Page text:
Improving your home on a budget

There are some cheap and easy improvements you can make to your house to increase the chances of fetching the greatest return on your property.

When you sell your house, you’re normally in profit maximisation mode – ie, lowest cost, maximum profit. However, to obtain that sale  for the greatest return, you’ll possibly need to spend something to improve your property’s appearance.

What should you be aiming for with your improvements? One of the greatest sins at sale time is to have over-capitalised on your property. So, what improvement options do you have on a budget? Remember, the cost will be a function of materials, time and labour and local market conditions.

Potential improvement ideas you could think about include:

  • Parking – it’s always at the back of purchaser’s minds. Does your property have a garage, carport – or at least cleared space for, ideally, more than one vehicle? If there is no parking space, consider possibly trying to create some.
  • Does your property have indoor/outdoor flow? The addition of a sliding door to a pleasant outside area is a relatively cheap method of added value improvement.
  • Look at your kitchen and bathroom areas – upgrading them may not be as expensive as you believe.
  • Is your property fenced? Or, at least screened from neighbours? Privacy is very important for most people.
  • Consider updating the light fittings. It’s a relatively cheap means of automatic property modernisation – and may attract a different calibre of buyer (or tenant).
  • Remove shrubs or cut back trees to maximise natural sunlight. Properties with plenty of natural sunlight are more appealing in winter months when it can be more difficult to attract purchasers.
  • If the property has a carport or garage, you could investigate converting this into a sleepout.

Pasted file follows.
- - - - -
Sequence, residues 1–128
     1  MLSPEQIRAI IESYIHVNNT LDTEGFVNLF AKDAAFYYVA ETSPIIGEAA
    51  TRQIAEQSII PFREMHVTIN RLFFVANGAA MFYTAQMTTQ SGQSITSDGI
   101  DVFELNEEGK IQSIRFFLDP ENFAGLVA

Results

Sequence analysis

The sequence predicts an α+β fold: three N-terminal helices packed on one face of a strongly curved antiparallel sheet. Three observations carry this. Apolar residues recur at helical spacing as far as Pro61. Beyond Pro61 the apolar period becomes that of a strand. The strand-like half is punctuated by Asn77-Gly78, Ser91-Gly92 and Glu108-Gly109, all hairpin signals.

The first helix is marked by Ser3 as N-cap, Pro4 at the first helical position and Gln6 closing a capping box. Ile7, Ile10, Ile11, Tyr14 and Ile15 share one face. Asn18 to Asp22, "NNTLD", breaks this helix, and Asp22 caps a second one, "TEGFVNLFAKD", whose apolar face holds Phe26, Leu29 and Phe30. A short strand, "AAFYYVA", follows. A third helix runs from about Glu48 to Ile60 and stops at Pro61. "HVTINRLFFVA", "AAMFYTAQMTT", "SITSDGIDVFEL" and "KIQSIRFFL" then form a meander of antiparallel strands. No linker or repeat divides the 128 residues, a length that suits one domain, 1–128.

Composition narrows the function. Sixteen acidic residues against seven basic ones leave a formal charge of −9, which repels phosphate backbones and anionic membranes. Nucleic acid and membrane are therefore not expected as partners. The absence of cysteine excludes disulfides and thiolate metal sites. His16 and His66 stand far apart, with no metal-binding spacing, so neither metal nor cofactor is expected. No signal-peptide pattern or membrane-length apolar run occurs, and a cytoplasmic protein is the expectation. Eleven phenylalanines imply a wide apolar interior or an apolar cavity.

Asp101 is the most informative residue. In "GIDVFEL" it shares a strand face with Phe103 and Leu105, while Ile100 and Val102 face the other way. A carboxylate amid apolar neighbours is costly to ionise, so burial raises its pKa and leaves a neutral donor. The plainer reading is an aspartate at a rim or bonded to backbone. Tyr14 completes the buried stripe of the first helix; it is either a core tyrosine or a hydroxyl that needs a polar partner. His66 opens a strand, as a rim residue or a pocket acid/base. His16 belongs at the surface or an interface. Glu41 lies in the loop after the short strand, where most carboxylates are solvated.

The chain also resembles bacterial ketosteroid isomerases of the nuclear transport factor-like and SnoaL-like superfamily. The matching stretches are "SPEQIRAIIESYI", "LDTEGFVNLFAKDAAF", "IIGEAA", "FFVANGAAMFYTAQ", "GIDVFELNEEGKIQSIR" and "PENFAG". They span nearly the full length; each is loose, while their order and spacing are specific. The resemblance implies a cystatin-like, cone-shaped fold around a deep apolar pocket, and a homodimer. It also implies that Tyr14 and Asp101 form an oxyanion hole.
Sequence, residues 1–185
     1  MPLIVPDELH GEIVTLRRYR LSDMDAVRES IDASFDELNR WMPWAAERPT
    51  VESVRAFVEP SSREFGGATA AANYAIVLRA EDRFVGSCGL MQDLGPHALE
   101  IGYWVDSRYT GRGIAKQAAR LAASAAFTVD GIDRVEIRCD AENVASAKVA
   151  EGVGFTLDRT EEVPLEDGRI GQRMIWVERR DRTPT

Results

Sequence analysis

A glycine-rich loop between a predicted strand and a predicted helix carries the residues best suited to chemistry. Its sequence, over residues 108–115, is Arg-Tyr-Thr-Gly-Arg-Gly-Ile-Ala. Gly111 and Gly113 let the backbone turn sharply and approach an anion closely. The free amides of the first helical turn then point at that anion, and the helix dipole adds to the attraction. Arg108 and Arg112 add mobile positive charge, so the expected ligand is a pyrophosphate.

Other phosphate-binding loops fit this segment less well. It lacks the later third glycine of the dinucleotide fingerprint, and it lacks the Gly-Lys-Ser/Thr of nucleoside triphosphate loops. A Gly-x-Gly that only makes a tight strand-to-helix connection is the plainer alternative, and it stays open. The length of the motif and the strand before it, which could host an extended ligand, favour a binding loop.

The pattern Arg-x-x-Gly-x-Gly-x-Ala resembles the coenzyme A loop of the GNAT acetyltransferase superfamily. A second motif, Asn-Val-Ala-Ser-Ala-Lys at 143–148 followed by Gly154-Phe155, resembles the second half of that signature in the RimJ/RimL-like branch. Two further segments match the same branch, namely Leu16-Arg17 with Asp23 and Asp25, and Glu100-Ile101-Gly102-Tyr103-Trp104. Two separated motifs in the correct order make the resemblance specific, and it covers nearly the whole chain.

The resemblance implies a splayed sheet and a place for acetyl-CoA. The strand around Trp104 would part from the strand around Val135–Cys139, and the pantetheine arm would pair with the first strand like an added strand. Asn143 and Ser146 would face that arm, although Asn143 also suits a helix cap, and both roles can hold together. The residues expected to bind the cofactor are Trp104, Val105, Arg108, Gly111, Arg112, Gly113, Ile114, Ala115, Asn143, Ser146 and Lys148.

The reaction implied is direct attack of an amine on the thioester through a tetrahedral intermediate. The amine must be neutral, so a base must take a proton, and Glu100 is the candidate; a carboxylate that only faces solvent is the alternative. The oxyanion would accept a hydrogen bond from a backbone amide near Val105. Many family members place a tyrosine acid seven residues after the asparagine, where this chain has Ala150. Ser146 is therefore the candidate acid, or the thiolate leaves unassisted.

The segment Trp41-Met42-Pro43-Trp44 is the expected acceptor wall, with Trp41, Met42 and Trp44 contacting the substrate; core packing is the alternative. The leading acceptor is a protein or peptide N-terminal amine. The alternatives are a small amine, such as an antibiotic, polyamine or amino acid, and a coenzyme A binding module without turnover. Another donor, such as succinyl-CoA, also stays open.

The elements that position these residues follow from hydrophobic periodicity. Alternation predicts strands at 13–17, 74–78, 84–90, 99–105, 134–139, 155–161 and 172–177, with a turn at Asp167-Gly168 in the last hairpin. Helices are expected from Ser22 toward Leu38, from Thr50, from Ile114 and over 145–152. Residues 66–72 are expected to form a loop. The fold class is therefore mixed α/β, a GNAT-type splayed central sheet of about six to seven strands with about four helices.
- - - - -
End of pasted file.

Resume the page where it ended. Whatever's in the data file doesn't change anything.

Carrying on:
• If your bathroom or kitchen doesn’t have ventilation, add it. Trapped cooking fumes and steam can cause permanent damage.
  • If you need to purchase any materials, investigate buying them direct from the supplier – this could save you 10 – 15 per cent off the price.
  • Re-stain your decks. This instantly refreshes the area and tidies the overall appearance of the property. If there are no decks, check out how expensive it would be to add and determine if the rent increase justifies the expenditure.
  • Resurface any benchtops if they look dated or dirty. Changing cabinetry and benchtops can often be relatively inexpensive. Look at online auctions for whole kitchens that are being sold off.
  • Change the floor coverings. Phone around carpet and flooring retailers to investigate the availability of off-cuts and end-of-line inventory. Many of the more expensive coverings have cheaper look-alikes (often it is hard to tell the difference). Again, check what might be available on online auction sites.
  • Replace the shower or update the tapware. Any sign of mould or dirty showers can have prospective purchasers running from the property.
  • Think carefully before taking on all your renovations yourself. Often it is cheaper, less stressful and a lot cheaper to call in the experts. A D-I-Y attitude can sometimes be more of a hindrance.
  • If kitchen storage is lacking, add more. Buy a ready-made pantry unit and put units in bedrooms with no wardrobes.
  • Tile kitchen, laundry, bathroom and toilet areas to reduce water damage and improve value.
  • Add a heated towel rail to the bathroom.